I’m currently at Chapter 12 of Fire Emblem Fates Conquest and despite some setbacks, I’m still playing the permadeath Classic Mode. But… I’m kind of cheating.
First off, I bought a DLC mission back when I was still playing Birthright – the mission that allowed you to gain XP and gold in Conquest as well. So I have an advantage over someone who is playing a pure game of Conquest. It doesn’t just hand out XP and gold though; I still have to earn it by playing the mission. And the mission itself is still permadeath so I still need to play well. Lastly, the mission doesn’t award bucketloads of gold; it’s not like the Gold DLC of Awakening where you can earn a fortune in a single sitting.
This isn’t all that I did, though. There’s a castle with a generous player who not only has most of the mines, farms, and pools of items that you need for forging and cooking, he also didn’t equip his castle defenders. This makes seizing his castle quite easily, and what do you get when you seize a castle? You can recruit one of that player’s characters for free.
So I drafted Ryoma to the Nohrian side and he’s been kicking ass for me. He doesn’t have his signature weapon Raijinto, but he doesn’t need it – he still has the high stats and especially that high crit rate. I’ve played two chapters with him on and while he isn’t an auto win for me, he’s a tremendous help. He can hold entire sections of the map on his own, allowing me to reallocate my resources elsewhere.
I feel a little guilty about having Ryoma in my army but that’s a feature that’s in the game. I didn’t enter any cheat codes or hacks. Later on, I’ll refrain from using Ryoma and just use him as a last resort if I’m really having problems with a chapter.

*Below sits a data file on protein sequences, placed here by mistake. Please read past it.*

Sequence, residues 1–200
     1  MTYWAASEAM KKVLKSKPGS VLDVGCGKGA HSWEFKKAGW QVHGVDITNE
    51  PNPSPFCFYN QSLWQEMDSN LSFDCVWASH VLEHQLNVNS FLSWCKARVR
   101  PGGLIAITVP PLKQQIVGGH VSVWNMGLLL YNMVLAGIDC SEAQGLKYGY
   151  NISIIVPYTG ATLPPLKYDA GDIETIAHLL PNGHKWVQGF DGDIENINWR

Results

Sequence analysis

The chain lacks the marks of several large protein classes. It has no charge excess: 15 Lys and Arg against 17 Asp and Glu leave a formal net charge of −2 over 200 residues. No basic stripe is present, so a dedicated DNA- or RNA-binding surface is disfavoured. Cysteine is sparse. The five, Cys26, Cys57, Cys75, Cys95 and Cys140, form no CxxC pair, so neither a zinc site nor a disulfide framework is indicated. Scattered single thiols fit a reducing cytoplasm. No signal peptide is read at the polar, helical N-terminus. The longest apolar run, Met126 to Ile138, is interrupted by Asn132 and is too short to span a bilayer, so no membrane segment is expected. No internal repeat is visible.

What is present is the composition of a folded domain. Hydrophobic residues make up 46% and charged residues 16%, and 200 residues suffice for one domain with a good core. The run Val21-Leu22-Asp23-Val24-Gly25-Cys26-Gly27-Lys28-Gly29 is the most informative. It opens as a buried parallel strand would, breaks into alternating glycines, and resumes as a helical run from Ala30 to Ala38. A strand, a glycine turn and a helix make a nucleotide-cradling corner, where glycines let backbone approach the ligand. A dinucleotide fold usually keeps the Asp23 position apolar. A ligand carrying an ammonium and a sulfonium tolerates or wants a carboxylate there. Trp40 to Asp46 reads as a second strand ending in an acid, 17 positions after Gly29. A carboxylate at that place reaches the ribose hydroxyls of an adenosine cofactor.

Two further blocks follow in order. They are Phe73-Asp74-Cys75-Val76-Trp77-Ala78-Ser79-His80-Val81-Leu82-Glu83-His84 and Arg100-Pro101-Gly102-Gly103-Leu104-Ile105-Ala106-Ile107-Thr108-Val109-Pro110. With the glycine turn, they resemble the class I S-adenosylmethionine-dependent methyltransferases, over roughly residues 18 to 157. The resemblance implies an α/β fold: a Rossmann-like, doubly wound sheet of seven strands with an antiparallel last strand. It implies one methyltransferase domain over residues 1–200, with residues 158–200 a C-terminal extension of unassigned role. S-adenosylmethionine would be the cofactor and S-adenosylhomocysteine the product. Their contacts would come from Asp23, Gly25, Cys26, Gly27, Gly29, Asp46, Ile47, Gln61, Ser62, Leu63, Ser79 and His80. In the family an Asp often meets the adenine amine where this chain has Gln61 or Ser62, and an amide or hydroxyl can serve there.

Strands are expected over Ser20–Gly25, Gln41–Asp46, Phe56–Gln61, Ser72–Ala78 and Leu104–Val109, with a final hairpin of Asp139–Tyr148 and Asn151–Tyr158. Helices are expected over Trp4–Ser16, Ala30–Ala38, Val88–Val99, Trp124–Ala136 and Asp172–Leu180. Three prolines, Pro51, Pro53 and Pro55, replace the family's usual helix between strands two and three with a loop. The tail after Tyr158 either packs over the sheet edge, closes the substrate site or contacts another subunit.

After some hesitation, I finally began my Fire Emblem Fates: Conquest playthrough. I figured, if I had plans of playing more RPGs like Bravely Second, Dragon Quest VIII, and that upcoming Fire Emblem Echoes game, I might as well deal with my Fates backlog as soon as possible.
To get a good feel of the storyline, I played through the Prologue chapters again and I have to say, the game doesn’t do a good job of selling the Nohrian side at all. I’d say that the majority of those playing the game would choose to side with Hoshido, with the exception of those who know that Conquest offered a tougher challenge and better mission design. Choosing Nohr was such a hard choice to make and the cutscenes that followed were a little tough to bear.
Once I got through the first mission after the choice, I felt a little better. There was a purpose to me being where I am, a good justification… I just wish that the game gave stronger hints prior to the decision.
Also – Conquest is awesome! The two chapters that immediately followed the choice were very difficult, in a way that you can’t just use brute force to get through them. I had to really think about my tactics; once I found a good solution, I won easily.
Oh yeah, I’m playing Conquest on Hard and Classic mode. Let’s see how long before I cave and change this to Casual. I already repeated one of the missions multiple times; I expect to do the same for the rest of the game.
I finally beat the linked game version of Oracle of Seasons and I’m a little disappointed. I tried my hardest to beat the game without checking any FAQs but failed. Minor spoilers ahead.
So I got to the game’s final boss, and I beat him with very little trouble. Without spoiling the solutions, the boss is invulnerable to most attacks save one, which I discovered on my own. After taking some damage, he’ll start using an object to block your attacks – if you hit said object you’ll take damage. And I figured out how to get around that too.